Christopher Fritton, longtime print shop manager at the Western New York Book Arts Center, has been toiling for years in the center's basement over its various antique presses and boxes brimming with blocks of wood and metal type. He's produced countless gig posters, led innumerable workshops and explained the basics of typesetting and letter-press printing to formerly clueless arts journalists. To say Fritton has a single-minded intensity when it comes to the craft of pringing would be a vast understandment. So it's good to see his latest print, a paper paean to the hardworking printers and pressmen of the world via Charles Dickens.
Micah Nathan, the bestselling author of "Gods of Aberdeen" and a University at Buffalo graduate, will visit Larkin Square on Wednesday to hold an unorthodox book reading. According to a release from the organizers of the Larkin Square Author Series, Nathan is "crowd-sourcing" his latest book-in-progress, "In Search of Absolutely Nothing," by inviting feedback from those who attend his readings as "an excuse to connect with readers, to see how they respond."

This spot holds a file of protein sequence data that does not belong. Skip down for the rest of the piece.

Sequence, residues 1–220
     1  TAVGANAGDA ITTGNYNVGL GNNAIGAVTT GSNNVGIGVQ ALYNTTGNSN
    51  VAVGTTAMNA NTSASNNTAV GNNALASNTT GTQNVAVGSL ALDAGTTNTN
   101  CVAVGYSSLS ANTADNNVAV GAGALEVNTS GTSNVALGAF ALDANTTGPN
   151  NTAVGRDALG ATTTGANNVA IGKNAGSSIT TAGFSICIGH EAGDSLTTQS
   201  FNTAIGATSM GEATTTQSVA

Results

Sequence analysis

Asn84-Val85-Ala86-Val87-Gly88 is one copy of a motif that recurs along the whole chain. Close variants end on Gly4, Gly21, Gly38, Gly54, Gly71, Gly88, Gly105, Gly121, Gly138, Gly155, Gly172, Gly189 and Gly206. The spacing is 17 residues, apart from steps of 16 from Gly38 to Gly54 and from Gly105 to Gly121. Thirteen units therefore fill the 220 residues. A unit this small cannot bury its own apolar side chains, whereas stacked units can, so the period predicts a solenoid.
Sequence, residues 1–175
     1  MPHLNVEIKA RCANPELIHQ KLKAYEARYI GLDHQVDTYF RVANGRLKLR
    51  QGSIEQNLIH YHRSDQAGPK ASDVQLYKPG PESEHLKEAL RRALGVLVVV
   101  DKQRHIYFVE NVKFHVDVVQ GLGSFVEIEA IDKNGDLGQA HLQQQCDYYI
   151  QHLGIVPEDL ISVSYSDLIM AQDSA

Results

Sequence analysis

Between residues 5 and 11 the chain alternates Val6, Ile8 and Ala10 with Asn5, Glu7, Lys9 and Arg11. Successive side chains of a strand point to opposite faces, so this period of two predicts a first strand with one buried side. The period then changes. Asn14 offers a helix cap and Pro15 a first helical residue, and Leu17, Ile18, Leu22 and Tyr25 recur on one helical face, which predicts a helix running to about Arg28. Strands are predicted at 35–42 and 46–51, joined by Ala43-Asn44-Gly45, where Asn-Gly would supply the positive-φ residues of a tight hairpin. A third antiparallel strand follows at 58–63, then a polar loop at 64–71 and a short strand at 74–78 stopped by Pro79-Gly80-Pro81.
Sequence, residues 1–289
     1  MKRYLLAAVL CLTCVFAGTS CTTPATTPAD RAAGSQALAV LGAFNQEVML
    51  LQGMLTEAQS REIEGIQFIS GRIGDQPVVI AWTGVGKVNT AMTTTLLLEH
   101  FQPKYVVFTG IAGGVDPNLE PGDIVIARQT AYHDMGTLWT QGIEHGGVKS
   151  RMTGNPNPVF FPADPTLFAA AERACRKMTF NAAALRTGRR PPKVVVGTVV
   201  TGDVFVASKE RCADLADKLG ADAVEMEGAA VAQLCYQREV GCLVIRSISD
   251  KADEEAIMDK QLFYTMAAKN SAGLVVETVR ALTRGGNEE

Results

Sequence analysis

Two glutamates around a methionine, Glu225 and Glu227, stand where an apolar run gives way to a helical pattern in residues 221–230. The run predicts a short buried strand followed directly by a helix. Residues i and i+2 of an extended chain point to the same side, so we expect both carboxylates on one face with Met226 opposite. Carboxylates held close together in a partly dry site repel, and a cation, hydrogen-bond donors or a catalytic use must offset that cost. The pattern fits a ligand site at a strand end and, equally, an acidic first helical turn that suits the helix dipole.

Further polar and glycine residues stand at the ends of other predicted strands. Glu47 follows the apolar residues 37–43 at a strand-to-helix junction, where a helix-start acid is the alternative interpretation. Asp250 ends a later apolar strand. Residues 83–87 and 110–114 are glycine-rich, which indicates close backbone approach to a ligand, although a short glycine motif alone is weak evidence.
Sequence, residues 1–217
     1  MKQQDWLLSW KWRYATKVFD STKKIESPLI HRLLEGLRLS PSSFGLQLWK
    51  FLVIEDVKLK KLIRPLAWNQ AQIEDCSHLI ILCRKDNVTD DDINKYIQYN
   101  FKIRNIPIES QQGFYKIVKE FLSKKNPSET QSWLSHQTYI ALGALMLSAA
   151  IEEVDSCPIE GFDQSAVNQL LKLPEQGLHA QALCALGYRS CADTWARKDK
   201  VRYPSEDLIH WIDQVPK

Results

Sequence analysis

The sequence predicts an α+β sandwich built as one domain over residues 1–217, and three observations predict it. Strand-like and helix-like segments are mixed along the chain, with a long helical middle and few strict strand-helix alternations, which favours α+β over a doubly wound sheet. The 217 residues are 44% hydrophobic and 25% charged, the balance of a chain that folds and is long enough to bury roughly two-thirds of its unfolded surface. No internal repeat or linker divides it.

The book is based in part on the influence of Andy Warhol and other famous modern artists.
“I've always loved Warhol's art but found Warhol himself unknowable, so when I started writing the book, I found an excuse to dig deeper,” Nathan said in the release.
The reading begins at 5 p.m. Wednesday in The Filling Station in Larkin Square, 745 Seneca St.
A detail of "Even Fierce," a new sculptural work by Felice Koenig.